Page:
This case involves a two-acre parcel of land (the "Property") located between North Temple Street and South Temple Street in downtown Salt Lake City. The LDS Church owns all the property on the two city blocks on the east and west sides of this portion of the former Main Street. On these blocks, the Church maintains a number of important historical, administrative, and worship facilities. The west block is called "Temple Square" and contains the Tabernacle and the Salt Lake Temple; the east block houses the Church administration buildings. Before the City closed and sold it to the LDS Church, the Property was a section of Main Street, consisting of a typical public street and adjoining public sidewalks. In 1995, the City sold the LDS Church the subsurface rights to this portion of Main Street, which the Church eventually developed into an underground parking garage. The sale agreement for that transaction also gave the LDS Church a right of first refusal on the surface property, if the City ever decided to sell it.

In 1998, the City explored the possibility of closing the surface portion of Main Street and selling it to the LDS Church. On December 1, 1998, the City and LDS Church officials held a joint news conference to announce a proposal to develop an open-space pedestrian plaza on Main Street between North and South Temple. The LDS Church indicated that it was interested in such a purchase in order to construct a pedestrian plaza that would unify its international headquarters campus, which the Property (as a street) then bisected.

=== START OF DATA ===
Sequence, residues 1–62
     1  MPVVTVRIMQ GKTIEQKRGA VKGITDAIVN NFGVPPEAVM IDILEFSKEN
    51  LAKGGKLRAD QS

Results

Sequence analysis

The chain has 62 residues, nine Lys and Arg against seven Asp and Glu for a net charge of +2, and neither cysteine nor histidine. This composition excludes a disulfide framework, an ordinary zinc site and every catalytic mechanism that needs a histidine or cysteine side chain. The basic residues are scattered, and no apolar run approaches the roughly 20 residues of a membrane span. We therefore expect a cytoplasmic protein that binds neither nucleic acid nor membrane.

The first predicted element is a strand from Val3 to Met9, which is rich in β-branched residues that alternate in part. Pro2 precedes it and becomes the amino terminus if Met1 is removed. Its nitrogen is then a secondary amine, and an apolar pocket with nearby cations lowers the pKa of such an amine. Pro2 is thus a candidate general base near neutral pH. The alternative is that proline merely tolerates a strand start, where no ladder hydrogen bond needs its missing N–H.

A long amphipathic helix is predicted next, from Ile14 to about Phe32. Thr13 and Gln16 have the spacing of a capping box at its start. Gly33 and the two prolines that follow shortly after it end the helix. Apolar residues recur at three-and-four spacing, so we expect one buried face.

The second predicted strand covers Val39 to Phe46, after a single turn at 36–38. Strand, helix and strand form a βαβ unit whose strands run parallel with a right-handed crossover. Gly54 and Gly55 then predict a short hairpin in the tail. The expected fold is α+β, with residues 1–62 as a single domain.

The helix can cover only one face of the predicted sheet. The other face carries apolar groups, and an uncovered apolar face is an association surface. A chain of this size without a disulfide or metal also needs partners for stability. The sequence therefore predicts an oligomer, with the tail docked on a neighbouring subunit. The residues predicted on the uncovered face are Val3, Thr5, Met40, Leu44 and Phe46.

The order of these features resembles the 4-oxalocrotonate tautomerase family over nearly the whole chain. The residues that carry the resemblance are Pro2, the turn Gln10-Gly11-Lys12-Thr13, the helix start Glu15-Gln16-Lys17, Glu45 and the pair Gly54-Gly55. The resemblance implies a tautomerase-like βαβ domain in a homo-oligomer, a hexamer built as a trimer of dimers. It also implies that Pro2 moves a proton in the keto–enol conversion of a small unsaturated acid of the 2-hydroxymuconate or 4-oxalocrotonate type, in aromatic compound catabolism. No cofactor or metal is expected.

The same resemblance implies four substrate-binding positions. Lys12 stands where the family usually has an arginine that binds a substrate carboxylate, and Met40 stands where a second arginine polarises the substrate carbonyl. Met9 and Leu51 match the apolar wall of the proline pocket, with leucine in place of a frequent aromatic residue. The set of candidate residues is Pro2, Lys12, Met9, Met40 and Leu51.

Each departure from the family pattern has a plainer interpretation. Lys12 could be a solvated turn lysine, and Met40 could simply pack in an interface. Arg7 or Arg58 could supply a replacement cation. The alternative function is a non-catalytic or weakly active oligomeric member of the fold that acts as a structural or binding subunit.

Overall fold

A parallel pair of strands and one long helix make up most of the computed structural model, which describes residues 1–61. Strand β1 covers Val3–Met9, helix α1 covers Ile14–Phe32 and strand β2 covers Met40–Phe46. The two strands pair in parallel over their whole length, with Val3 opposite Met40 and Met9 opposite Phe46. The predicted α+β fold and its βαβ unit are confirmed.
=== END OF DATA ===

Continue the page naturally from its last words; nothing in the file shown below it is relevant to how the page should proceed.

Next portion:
On April 13, 1999, after hearings before the Planning Commission and the Salt Lake City Council, the City Council passed Ordinance No. 28 of 1999, closing the Property to public use. On April 27, 1999, the LDS Church purchased the Property for $8.124 million, which represented the appraised fair market value of the Property in fee simple absolute, without any significant encumbrances. Main Street I, 146 F.Supp.2d 1155, 1159-61 (D.Utah 2001) rev'd on other grounds by Main Street I, 308 F.3d at 1133. Nevertheless, in the April 27, 1999 Special Warranty Deed (the "Special Warranty Deed") conveying the Property, the City reserved several easements. Among these was the Pedestrian Easement. Despite the reservation of the Easement, the $8.124 million purchase price was not altered.

Unlike a typical public sidewalk easement, the Pedestrian Easement had no dimensions (no metes and bounds), no specific location, and no physical existence. Rather, it was purely a legal right to access and pass across the Property. Although the Easement guaranteed a public right of way through the property, it otherwise granted the LDS Church unfettered discretion to control all other conduct on the Plaza — including First Amendment activity. The Pedestrian Easement was specifically defined to ensure that the Property and eventual Plaza would not be dedicated to public ownership or constitute a First Amendment forum of any kind. Among other limitations, the Special Warranty Deed stated that the "Property is and...